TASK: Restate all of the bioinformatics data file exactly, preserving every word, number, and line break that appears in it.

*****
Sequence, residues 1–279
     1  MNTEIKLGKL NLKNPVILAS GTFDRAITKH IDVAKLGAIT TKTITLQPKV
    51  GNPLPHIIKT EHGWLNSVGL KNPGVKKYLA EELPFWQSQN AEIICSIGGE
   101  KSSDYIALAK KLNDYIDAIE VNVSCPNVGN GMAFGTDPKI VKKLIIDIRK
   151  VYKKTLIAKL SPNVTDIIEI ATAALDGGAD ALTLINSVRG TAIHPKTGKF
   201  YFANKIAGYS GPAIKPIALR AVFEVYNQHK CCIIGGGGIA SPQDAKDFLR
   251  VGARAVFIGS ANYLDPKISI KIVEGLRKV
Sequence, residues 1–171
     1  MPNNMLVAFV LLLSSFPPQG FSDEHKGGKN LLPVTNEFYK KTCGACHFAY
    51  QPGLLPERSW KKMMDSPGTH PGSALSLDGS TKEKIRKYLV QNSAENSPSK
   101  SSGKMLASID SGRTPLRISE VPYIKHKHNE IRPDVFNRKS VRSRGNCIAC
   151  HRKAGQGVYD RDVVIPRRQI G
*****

Sequence, residues 1–279
     1  MNTEIKLGKL NLKNPVILAS GTFDRAITKH IDVAKLGAIT TKTITLQPKV
    51  GNPLPHIIKT EHGWLNSVGL KNPGVKKYLA EELPFWQSQN AEIICSIGGE
   101  KSSDYIALAK KLNDYIDAIE VNVSCPNVGN GMAFGTDPKI VKKLIIDIRK
   151  VYKKTLIAKL SPNVTDIIEI ATAALDGGAD ALTLINSVRG TAIHPKTGKF
   201  YFANKIAGYS GPAIKPIALR AVFEVYNQHK CCIIGGGGIA SPQDAKDFLR
   251  VGARAVFIGS ANYLDPKISI KIVEGLRKV
Sequence, residues 1–171
     1  MPNNMLVAFV LLLSSFPPQG FSDEHKGGKN LLPVTNEFYK KTCGACHFAY
    51  QPGLLPERSW KKMMDSPGTH PGSALSLDGS TKEKIRKYLV QNSAENSPSK
   101  SSGKMLASID SGRTPLRISE VPYIKHKHNE IRPDVFNRKS VRSRGNCIAC
   151  HRKAGQGVYD RDVVIPRRQI G